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- Trumponomics - February 8, 2017
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- Four things you should know about the Dutch budget plans - September 30, 2016
Now that we have seen the first acts as Trump in his position as president of the United States, the time is now to reflect on his economic ideas and first acts. Obviously, it remains unclear how Trump will fill in the rest of his presidency, but we already are able to have a glimpse of what Trump is going to do the following four years.
Directly after being inaugurated, Trump has made steps to deregulation, notable regarding the Affordable Care Act – better known as Obamacare-, environmental regulation and financial regulation. Trump aimed for more competitive American firms, who hire more workers. He also gives lower priority than Obama to environmental protect and has proposed unlimited shale oil and gas tapping. From an economic sense, he might be correct in that deregulation and less environmental protection are able to give American firms a boost in competitiveness. However, it’s unclear what the consequences of less environmental and financial regulation are in the longer term.
Regarding taxes, Trump has promised to cut income taxes and cut corporate taxes significantly. It’s unclear how he will finance this loss of public revenue. Trump has also promised an infrastructure program.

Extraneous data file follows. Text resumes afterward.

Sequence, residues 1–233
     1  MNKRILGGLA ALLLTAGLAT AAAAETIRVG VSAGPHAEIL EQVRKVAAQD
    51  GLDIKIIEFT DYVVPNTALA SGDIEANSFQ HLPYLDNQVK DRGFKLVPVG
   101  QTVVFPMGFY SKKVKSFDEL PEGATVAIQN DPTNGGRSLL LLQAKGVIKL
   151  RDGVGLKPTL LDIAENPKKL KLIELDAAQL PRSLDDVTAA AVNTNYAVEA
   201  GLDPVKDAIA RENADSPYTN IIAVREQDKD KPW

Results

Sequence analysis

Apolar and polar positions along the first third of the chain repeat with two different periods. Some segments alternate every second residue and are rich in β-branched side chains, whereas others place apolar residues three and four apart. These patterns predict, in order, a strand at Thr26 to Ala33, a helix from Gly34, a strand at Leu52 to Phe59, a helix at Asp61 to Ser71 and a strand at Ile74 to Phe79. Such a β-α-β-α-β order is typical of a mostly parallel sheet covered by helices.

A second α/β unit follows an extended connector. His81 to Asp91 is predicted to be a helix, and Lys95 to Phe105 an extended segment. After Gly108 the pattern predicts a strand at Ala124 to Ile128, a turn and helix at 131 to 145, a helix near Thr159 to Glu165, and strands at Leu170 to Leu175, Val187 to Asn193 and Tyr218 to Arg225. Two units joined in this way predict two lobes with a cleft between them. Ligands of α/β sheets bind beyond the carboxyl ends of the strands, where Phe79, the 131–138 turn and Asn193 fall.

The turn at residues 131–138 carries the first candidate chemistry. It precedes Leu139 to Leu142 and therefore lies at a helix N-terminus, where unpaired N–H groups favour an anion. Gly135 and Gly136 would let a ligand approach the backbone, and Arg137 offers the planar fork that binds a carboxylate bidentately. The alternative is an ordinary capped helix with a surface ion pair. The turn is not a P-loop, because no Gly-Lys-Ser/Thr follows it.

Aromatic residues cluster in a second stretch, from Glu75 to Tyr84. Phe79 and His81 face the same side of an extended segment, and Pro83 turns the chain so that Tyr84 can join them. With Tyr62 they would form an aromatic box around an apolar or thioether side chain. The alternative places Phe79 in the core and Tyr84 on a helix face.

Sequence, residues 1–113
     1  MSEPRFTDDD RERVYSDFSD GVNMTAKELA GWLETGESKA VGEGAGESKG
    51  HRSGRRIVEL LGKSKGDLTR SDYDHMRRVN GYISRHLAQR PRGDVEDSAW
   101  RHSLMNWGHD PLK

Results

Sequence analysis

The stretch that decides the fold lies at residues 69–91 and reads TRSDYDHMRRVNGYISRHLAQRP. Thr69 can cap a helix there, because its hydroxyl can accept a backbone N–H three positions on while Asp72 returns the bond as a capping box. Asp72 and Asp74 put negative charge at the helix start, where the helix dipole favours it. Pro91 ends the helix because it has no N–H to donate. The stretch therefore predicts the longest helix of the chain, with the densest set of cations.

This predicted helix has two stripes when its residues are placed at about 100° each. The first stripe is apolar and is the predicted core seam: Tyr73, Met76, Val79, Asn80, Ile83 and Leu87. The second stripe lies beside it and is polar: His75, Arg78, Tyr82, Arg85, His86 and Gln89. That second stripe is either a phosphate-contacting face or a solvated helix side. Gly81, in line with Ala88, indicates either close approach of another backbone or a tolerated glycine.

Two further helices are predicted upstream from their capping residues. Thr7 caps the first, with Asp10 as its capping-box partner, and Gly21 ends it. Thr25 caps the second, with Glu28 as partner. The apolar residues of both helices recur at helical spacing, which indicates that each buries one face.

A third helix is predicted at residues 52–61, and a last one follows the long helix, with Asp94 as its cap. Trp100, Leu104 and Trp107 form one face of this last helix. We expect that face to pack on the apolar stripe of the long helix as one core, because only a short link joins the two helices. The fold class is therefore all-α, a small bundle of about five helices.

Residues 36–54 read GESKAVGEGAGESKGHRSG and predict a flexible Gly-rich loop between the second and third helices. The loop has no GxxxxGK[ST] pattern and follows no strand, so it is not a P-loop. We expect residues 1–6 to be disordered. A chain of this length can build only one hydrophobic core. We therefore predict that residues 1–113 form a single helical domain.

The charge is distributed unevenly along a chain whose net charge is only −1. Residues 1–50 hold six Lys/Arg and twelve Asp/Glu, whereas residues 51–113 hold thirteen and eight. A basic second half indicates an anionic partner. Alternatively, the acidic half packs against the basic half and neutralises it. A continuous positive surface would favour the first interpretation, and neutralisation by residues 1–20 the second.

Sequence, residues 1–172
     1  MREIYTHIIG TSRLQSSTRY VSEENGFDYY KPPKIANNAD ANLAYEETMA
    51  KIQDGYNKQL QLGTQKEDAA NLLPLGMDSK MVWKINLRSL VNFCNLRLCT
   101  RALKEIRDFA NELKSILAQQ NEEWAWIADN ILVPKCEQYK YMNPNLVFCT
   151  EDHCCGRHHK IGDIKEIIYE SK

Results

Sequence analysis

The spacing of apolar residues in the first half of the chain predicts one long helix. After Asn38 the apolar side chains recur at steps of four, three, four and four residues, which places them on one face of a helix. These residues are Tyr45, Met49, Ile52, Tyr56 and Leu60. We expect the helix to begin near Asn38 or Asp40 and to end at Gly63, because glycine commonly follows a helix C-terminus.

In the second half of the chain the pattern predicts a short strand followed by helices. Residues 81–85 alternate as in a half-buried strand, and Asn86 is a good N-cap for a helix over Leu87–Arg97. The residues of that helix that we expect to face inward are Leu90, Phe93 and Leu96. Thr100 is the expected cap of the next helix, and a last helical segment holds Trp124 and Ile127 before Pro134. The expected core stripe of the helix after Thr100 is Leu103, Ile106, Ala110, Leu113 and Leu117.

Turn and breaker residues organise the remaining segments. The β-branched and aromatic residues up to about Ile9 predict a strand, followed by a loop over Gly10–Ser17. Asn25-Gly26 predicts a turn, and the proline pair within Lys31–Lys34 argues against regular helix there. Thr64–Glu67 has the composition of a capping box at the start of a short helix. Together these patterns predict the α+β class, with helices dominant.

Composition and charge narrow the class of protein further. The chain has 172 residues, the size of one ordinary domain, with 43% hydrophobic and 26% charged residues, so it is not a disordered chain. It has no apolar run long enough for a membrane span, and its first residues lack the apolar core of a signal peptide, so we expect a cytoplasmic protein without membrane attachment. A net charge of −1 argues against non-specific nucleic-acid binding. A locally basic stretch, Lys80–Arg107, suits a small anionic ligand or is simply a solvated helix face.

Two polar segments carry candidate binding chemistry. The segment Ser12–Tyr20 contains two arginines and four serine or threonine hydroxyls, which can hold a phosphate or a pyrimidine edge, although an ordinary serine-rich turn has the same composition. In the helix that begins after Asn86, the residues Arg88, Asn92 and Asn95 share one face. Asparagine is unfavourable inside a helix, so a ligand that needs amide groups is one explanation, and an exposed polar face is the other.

With regard to trade agreements, the world might suffer more from the economic plans of Trump. Trump has announced to – and already has – re-negotiate trade agreements the US has concluded in recent years: NAFTA, TPP, and it remains very unclear how Trump will proceed with the negotiations of TTIP. The aim of these reforms is to bring back labor from foreign countries back to the US and While we, as economists, are well aware that this will also increase US consumer prices, this policy might also have negative effects for other countries in the world, even when not considering diminishing exports to the US. The US, being one of the two largest trading blocs in the world, have been the world hegemon since the end of the Cold War and can as such dictate the world the rules of the game of trade. Now that WTO-negotiations have made little progress recently, bilateral trade agreements, between two or a limited amount of countries, are expected to play an important role in fostering worldwide free trade. When the US are no longer willing to be an example for the rest of the world, this might mean the end of progress in global fostering of free trade. TTIP, for example, was expected to play as an example for trade agreements between other countries in the world. The future needs to show if, despite Trumps repeal of the most important US trade agreements, steps towards more free trade are taken.